Pulmonary hypertension Increased pressure in the pulmonary circulation, typically reaching 25% of the systemic blood pressure. It may be primary, of unknown origin, or secondary, due to left heart failure and chronic lung disease or pulmonary emboli.


Restrictive lung disease Group of pathogenetically unrelated diseases characterized by reduced volume of terminal air spaces or an inability of the lungs to expand adequately during inspiration. Restrictive lung disease can be distinguished from obstructive lung disease by functional testing. This group of disease includes several forms of chronic interstitial pneumonia of unknown origin, dust-induced pneumoconioses, drug- and radiation-induced lung diseases, hypersensitivity pneumonias, and diseases of presumed immune origin such as sarcoidosis.


Sarcoidosis Systemic disease of unknown origin, characterized by the formation of noncaseating granulomas in the lungs, thoracic lymph nodes, and many other organs.


Usual interstitial pneumonia (UIP, idiopathic pulmonary fibrosis) Chronic restrictive lung disease causing irregular destruction of lung parenchyma associated with chronic alveolitis and patchy interstitial fibrosis (“honeycomb lungs”). In most instances the cause of UIP is unknown. The disease is incurable.



Normal Structure and Function



ANATOMY AND HISTOLOGY


The respiratory system is arbitrarily divided into two parts: (1) the upper respiratory system, comprising the nose, pharynx, and larynx, and (2) the lower respiratory system, comprising the tracheobronchial tree and the lungs (Fig. 5-2). In this chapter we concentrate on the lower respiratory tract, its functions, and diseases.




The respiratory tract is lined with specialized epithelia and encased by specialized support structures.


The main function of the respiratory system is to maintain external respiration. In other words, the respiratory system must enable the body to inhale and exhale air and make the exchange of gases between the blood and the air possible. Various parts of the respiratory system must thus be lined with specialized epithelia that support these functions.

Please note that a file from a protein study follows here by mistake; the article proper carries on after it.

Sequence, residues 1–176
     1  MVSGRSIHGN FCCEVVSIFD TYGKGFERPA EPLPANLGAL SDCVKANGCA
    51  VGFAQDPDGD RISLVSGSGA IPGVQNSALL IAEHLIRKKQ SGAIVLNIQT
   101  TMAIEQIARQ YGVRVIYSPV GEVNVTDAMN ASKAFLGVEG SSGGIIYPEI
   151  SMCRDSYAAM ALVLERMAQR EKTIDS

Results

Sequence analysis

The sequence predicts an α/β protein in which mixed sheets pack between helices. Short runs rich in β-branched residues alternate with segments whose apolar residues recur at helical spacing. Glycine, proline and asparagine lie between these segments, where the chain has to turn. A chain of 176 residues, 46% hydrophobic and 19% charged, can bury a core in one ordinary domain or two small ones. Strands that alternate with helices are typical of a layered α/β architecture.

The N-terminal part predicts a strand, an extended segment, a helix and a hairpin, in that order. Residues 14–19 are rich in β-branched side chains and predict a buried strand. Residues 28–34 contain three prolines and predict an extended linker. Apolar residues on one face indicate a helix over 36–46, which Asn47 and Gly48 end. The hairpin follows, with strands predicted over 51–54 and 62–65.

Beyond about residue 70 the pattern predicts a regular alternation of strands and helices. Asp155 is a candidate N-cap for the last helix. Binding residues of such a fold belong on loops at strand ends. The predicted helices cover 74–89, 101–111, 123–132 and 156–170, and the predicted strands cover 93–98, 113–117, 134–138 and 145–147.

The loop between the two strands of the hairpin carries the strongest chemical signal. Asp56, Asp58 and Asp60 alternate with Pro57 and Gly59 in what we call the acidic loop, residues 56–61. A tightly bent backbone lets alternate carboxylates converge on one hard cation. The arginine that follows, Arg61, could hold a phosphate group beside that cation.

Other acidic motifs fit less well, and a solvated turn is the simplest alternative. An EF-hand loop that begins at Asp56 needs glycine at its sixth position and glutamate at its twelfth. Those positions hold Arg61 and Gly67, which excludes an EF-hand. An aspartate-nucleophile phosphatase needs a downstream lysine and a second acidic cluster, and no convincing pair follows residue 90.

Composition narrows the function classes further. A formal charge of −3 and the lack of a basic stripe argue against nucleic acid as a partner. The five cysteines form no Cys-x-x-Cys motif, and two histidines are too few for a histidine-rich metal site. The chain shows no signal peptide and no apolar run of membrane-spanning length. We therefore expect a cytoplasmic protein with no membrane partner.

The nasal and tracheobronchial mucosa. The epithelium of the nasal and tracheobronchial mucosa is pseudostratified and contains mucus-secreting and ciliated cells. The mucus-secreting cells produce mucus, which keeps the air spaces moist and also serves as a mechanical protective barrier and a receptacle for foreign particles and bacteria. The submucosa also contains larger mucous glands, which contribute mucus and fluid that covers the surface of the air spaces. Note that the epithelium of the mucosa also contains scattered neuroendocrine cells, the function of which has not been fully elucidated. Stem cells, which are important for the replacement of the more differentiated mucosal cells under both physiologic and pathologic conditions, are also scattered throughout the submucosa.


Because the nasal air spaces and the tracheobronchial tree need to be kept patent, their walls contain cartilage. Bony structures in the nasal air passages have the same protective functions. In the tracheobronchial tree the air spaces contain smooth muscle cells, which are thought to regulate the contraction or dilatation of these air spaces designed for conductance and distribution of air in the lungs.